When comparing this analogy to the Goddess, the Crone’s function as destroyer of life becomes natural rather than sinister. Within her aspects as Virgin and Mother, the Goddess is the giver or bearer of life and the nourisher and protector of life. Since life ends, the function of the Crone is natural and necessary too. In most, if not all, female-oriented religions of nature there are cyclic patterns ruled by karmic balance. Everything which develops has a decline. “There could be no dawn without dusk, no spring without fall, no planting without harvest, no birth without death. The Goddess never wasted her substance without recycling. Every living form served as nourishment for other forms. Every blossom fed on organic rot. Everything has its day in the sun, then gave place to others, which made use of its dying.”

The Crone’s curse which is often called the doomsday curses or myths are found in countries as widely separated as India and Scandinavia. The origins of some of the myths date to prehistoric times. Psychologists claim deeper meanings lie within these myths than just primitive eschatology. These meanings are being discovered as belonging to the collective unconsciousness. “For example, the body and world stand for each other so consistently in the mythological mode that every tale of doomsday can be seen to allegorize the terrifying dissolution of the self in death, while every creation demonstrably presents a buried memory of birth. Both are inextricably entwined with the image of the Mother.”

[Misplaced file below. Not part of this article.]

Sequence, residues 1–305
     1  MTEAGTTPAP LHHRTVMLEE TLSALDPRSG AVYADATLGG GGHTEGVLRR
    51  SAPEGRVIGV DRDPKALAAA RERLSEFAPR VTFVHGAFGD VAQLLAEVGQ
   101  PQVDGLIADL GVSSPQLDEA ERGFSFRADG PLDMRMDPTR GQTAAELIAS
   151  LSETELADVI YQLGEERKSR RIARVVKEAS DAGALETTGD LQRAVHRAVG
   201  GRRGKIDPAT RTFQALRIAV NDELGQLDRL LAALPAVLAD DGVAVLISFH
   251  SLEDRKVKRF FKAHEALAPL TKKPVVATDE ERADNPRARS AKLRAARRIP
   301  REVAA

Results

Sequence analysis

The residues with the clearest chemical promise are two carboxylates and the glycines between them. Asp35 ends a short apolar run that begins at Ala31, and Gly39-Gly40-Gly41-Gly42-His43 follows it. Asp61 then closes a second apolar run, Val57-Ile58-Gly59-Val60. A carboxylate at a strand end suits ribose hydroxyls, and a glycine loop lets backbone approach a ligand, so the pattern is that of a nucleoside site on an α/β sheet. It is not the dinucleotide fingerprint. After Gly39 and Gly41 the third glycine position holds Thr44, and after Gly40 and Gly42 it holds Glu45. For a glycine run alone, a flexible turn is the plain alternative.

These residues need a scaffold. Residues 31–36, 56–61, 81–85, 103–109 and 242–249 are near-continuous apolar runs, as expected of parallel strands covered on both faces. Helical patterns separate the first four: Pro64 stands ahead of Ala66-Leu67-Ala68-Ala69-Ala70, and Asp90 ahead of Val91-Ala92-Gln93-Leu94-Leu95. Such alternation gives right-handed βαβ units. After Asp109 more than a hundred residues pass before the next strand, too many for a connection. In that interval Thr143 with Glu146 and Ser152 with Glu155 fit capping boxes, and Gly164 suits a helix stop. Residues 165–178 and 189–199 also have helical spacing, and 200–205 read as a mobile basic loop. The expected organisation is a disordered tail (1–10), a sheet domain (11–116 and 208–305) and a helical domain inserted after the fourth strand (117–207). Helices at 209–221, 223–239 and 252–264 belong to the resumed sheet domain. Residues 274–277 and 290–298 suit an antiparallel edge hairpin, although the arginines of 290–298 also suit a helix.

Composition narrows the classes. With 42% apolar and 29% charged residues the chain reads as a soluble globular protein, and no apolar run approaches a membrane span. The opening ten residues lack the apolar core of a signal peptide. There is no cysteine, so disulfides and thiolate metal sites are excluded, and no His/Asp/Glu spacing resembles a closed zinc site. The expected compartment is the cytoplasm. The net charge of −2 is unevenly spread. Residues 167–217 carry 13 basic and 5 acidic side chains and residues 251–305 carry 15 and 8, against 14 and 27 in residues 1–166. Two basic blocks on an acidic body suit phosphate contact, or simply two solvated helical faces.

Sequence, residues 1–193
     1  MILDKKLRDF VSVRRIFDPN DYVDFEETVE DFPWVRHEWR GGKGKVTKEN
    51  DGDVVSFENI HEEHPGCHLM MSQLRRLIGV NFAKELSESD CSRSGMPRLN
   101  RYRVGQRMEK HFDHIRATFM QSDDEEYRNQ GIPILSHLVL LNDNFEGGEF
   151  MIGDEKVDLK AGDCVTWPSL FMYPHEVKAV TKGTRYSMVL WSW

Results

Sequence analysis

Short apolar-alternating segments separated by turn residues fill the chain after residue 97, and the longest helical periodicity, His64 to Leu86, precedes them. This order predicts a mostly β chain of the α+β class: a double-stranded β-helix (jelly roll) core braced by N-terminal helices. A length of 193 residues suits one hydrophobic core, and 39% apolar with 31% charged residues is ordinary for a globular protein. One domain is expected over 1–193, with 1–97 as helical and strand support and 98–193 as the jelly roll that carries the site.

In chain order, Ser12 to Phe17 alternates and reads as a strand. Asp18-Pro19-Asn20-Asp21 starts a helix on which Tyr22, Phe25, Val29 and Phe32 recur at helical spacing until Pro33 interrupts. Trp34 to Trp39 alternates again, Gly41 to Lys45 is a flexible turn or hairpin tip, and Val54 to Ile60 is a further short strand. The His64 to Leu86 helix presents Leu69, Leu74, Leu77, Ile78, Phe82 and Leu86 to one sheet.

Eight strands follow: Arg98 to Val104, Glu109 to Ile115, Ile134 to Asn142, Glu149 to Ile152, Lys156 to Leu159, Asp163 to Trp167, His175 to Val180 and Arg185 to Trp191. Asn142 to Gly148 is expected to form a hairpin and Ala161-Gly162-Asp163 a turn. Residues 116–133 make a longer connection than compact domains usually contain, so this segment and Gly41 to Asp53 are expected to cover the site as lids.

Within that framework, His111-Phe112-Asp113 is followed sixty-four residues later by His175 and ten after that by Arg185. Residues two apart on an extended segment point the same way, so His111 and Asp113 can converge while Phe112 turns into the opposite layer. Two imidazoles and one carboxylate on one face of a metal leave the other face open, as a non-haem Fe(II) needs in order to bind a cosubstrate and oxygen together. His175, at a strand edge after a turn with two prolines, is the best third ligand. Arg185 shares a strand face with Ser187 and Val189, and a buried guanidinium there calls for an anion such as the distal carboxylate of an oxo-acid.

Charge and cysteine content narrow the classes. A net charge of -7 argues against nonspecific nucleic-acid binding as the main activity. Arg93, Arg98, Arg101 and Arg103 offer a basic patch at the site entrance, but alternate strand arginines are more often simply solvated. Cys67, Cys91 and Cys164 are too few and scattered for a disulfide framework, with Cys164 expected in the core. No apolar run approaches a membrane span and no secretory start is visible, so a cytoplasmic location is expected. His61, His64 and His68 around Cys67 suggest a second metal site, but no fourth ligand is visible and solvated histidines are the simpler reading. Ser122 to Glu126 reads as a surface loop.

The Triple Goddess in her three aspects, Virgin, Mother, and Crone, can be considered a representation of humankind’s life cycle: birth, life (or maturity), and death. This is the natural life cycle. The Neo-pagans, however, extend this cycle into multiple cycles of birth, death, and rebirth. This is the reason that most Neo-pagan, especially those in witchcraft, believe in reincarnation. In rituals such as Drawing Down the Moon, the high priestess may stand in the pentacle position with her arms and legs outstretched symbolizing the birth and rebirth cycle. The priestess may take several stances of this position within the magic circle to emphasize multiple birth and rebirth cycles.